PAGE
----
A REDUNDANT village phone box is to remain a vital lifeline for villagers who plan to use it to house a defibrillator machine in the booth.

Residents of isolated Stourton in Wiltshire hit on the novel use for the traditional red kiosk after BT announced it would disconnect the phone after no calls were placed from it for an entire year. Stourton and Gasper Parish Council has adopted the phone box and intends to use its existing power supply to keep the lifesaving equipment charged. In use the machine delivers a powerful but controlled electric shock to restore normal heartbeat to victims of cardiac arrest.

Parish council clerk Julie Morgan said: "We were just going through the rigmarole of adopting the phone box from BT when we received a flier from the charity that installs the defibrillator machines. It came along at just the right time because we really didn't want to lose the phone box and this gave us the idea for a use for it.“

The innovative project has won the approval of Wiltshire Council which pledged a grant of £965 to the scheme at a meeting of its South West area board. The news will be especially welcome to one resident, who had to wait an hour for an ambulance to reach the remote village after suffering a heart attack, the board heard.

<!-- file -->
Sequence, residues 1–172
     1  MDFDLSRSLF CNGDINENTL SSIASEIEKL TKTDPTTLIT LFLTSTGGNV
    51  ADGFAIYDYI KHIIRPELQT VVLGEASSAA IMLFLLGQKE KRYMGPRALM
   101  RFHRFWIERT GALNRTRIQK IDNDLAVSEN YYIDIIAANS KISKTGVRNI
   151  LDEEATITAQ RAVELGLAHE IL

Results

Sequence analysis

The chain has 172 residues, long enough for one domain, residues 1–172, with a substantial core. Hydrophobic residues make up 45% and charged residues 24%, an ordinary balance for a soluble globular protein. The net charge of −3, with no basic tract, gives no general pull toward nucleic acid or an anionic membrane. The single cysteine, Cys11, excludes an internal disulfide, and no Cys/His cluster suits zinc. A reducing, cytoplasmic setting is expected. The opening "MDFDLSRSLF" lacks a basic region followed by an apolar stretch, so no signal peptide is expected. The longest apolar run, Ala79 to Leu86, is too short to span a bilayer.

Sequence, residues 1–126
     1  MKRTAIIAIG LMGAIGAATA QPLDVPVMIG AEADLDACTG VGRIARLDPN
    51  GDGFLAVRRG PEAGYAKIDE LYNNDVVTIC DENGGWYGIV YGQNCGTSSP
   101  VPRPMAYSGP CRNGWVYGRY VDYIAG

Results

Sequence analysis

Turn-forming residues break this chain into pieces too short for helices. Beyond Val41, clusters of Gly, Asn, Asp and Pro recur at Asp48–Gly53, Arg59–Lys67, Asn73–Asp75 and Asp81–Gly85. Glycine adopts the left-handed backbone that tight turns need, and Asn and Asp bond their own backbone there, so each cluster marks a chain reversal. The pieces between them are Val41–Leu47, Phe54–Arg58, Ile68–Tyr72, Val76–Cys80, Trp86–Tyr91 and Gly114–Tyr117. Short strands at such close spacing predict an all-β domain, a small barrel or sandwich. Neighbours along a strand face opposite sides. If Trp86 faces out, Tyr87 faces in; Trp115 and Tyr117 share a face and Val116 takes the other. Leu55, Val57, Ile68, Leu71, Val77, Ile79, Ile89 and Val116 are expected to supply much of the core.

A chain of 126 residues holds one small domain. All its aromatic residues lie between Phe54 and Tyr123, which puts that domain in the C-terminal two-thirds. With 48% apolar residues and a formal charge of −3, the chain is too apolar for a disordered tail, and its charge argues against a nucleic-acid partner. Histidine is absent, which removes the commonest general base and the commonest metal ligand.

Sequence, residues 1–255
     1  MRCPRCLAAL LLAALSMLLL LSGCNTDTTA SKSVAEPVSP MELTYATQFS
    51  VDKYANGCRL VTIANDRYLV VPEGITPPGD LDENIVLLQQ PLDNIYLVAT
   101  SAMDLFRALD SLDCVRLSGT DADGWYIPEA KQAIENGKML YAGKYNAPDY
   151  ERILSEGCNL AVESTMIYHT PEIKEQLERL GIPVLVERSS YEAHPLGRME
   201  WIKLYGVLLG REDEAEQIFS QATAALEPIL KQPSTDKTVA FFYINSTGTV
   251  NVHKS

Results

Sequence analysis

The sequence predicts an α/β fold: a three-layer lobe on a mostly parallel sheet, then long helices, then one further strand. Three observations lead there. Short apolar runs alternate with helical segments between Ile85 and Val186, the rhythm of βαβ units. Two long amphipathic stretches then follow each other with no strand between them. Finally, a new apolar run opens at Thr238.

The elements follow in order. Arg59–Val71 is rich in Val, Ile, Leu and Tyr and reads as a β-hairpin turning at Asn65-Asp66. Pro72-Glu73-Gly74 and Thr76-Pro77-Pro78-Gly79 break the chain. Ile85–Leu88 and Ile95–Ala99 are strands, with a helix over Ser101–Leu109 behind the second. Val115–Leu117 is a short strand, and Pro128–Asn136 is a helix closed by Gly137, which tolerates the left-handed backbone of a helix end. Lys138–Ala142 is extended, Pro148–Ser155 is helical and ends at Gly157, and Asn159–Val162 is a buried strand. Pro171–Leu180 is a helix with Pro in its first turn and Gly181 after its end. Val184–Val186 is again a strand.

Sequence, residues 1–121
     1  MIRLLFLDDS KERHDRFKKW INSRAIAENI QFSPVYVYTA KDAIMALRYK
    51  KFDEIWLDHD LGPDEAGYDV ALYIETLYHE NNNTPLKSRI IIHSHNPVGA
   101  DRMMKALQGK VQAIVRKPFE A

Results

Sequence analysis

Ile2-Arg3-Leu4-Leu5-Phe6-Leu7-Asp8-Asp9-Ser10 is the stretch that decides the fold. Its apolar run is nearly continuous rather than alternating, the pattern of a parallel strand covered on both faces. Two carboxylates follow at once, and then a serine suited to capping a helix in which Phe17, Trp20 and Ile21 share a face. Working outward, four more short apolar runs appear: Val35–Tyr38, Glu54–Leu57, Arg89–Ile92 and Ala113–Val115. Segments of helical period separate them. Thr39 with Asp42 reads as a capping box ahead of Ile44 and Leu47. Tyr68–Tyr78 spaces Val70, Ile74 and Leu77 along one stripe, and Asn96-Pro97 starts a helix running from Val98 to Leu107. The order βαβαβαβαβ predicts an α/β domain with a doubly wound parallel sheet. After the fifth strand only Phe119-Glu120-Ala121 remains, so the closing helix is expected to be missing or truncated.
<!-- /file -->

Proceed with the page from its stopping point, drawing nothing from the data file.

The public access defibrillator is supplied and installed by the Community HeartBeat Trust charity and will be available 24 hours a day, seven days a week. The machine is secured inside a lockable steel box which can be opened with a combination code available from the emergency services by calling 999. The machine is able to diagnose the type of heart attack a victim is suffering from and issues spoken step- by-step commands to tell the operator how to administer the treatment.

A £1,730 boost towards the purchase and installation of the equipment has been given by the National Trust, which owns the Stourhead Estate that the village lies within. The total cost of the installation will be around £2,000 but more money must be found to cover running costs and refurbishment of the phone box. Running costs are to be met by local fundraising and the project has already hit the mark with villagers who held a longbow competition on the village cricket pitch to help swell the coffers.

Mrs Morgan said: "The machine could be the difference between life and death for somebody, though we hope nobody ever needs it. It is great to see the community getting behind the idea.“

The use of a redundant telephone box is not unique to Wiltshire. Several villages are considering the idea including one in Leicestershire, due for installation in September 2010. “We are imeansly grateful to British Telecom for assisting in this novel use of a familiar icon,” said Martin Fagan, Secretary to the Community HeartBeat Trust. “Phone boxes are ideal locations for emergency medical equipment due to their easily recognized locations”


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